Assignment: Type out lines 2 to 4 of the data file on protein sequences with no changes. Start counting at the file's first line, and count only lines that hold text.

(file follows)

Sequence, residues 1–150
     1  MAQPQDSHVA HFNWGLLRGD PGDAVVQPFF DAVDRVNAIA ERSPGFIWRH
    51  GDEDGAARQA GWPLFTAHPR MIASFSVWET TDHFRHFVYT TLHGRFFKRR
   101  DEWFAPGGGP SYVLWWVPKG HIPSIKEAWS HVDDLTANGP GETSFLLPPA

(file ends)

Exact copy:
     1  MAQPQDSHVA HFNWGLLRGD PGDAVVQPFF DAVDRVNAIA ERSPGFIWRH
    51  GDEDGAARQA GWPLFTAHPR MIASFSVWET TDHFRHFVYT TLHGRFFKRR
   101  DEWFAPGGGP SYVLWWVPKG HIPSIKEAWS HVDDLTANGP GETSFLLPPA